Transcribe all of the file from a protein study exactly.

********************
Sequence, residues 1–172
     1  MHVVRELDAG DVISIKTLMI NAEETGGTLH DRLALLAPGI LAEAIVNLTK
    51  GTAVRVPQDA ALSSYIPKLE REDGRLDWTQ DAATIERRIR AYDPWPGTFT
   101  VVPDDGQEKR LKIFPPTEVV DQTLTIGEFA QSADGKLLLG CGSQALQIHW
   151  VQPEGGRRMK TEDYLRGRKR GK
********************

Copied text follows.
Sequence, residues 1–172
     1  MHVVRELDAG DVISIKTLMI NAEETGGTLH DRLALLAPGI LAEAIVNLTK
    51  GTAVRVPQDA ALSSYIPKLE REDGRLDWTQ DAATIERRIR AYDPWPGTFT
   101  VVPDDGQEKR LKIFPPTEVV DQTLTIGEFA QSADGKLLLG CGSQALQIHW
   151  VQPEGGRRMK TEDYLRGRKR GK